- The credit will be fully refundable if its amount exceeds that of the employer’s payroll taxes.
- Employers may claim the credit if their gross receipts have declined significantly or they have had to suspend operations in whole or part due to a COVID-19-related government order. For 2023 only, employers that are classified as recovery startup business can claim the credit.
- Credits may be obtained by filing a revised employment tax form (Form 941X) or reducing employment deposit amounts in anticipation. By submitting Form 7020, employers can request an early payment of their credit.
To qualify as an employer for the Employee retention Credit (ERC), you must meet at least one of the two criteria below:
- The employer’s business or organisation was suspended in whole or in part by a government decree due to the COVID-19, during a quarter calendar of 2020 or 21
- Gross receipts of an employer for a quarter calendar in 2020 or in 2021 are less than half (for 2020) and 80% (for 2021) their gross receipts from the same period in 2019.
The recovery startup rule also applies to businesses that began operating after February 14, 2020 and had average annual gross receipts not exceeding $1 million. These businesses qualify for ERC despite business suspensions or revenue decreases.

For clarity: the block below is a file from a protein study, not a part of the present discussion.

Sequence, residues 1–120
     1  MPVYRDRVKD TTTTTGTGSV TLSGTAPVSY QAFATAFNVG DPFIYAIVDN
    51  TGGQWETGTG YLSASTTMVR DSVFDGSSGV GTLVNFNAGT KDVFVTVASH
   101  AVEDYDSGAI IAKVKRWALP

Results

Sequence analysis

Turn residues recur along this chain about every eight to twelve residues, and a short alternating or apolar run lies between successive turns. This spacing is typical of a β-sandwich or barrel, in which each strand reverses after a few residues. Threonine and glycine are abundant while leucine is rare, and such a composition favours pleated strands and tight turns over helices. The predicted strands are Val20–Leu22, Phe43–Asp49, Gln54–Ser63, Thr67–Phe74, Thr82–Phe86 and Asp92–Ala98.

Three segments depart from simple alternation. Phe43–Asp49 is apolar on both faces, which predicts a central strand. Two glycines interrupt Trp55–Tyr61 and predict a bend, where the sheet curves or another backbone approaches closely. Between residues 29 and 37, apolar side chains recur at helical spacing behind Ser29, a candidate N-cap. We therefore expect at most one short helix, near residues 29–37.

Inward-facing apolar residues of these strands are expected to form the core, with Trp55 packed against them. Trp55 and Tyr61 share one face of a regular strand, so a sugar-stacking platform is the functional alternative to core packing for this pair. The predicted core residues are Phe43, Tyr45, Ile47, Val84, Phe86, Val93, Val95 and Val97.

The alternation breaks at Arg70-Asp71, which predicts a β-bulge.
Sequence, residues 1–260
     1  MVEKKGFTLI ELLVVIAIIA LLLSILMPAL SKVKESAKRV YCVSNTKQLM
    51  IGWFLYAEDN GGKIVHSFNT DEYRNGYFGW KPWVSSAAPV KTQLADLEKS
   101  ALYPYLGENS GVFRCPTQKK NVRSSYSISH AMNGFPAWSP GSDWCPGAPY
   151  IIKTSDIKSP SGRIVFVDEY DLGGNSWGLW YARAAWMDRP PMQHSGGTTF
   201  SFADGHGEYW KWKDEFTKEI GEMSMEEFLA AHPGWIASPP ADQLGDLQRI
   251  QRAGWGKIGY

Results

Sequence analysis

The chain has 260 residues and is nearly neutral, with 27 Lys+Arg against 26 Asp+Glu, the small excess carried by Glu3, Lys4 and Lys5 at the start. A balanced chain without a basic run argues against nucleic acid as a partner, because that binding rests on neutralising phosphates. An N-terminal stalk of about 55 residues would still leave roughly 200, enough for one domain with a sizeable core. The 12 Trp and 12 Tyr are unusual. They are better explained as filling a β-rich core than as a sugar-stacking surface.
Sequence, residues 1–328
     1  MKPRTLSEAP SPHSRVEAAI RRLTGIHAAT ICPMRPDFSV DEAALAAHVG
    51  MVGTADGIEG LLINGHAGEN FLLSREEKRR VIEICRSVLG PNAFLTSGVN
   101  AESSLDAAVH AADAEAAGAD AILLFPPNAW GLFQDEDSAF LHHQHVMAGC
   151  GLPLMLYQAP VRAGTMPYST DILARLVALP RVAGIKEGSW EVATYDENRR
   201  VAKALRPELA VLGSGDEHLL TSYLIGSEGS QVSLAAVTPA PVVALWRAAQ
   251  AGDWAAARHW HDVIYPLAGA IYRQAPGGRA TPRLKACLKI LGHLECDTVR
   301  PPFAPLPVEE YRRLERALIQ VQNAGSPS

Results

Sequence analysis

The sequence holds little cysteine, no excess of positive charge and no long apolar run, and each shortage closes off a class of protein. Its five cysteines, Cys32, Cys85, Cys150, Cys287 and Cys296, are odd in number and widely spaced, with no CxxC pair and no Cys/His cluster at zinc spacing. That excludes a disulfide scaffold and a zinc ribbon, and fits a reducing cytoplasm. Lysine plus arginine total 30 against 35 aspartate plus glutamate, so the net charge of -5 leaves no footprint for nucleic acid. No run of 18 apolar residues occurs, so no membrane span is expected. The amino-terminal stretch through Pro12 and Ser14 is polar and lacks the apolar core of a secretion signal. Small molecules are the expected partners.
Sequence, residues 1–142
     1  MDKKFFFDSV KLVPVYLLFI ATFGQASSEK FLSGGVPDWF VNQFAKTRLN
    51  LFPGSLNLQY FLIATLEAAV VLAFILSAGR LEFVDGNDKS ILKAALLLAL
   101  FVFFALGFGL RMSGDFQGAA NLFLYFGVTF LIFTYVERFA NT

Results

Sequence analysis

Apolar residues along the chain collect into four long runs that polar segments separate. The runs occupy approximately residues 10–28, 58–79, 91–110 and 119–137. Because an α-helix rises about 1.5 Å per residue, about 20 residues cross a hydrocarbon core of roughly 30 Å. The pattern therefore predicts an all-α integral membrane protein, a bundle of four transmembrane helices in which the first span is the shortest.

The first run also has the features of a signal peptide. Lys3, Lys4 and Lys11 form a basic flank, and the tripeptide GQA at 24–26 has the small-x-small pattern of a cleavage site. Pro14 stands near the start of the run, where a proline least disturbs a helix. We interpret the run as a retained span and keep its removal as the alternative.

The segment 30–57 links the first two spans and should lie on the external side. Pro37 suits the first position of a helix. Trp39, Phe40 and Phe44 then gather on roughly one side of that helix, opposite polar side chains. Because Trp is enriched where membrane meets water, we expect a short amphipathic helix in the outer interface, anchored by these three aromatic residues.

A business or organization is considered fully or partially suspended by a government order if:
- The order prohibits travel, group meetings, and commerce due to COVID-19
- The order will affect the operation of the business or the organization
- The order applies to all calendar quarters in 2020 and 2021
Some examples of orders from the government that could cause a business to be suspended are:
- Stay-at-home orders restricting non-essential business operations
- Curfews that limit the hours of operation for certain businesses
- Limits to the number of clients or customers that a company can serve
- Travel restrictions or travel bans that limit the ability of businesses to transport products or services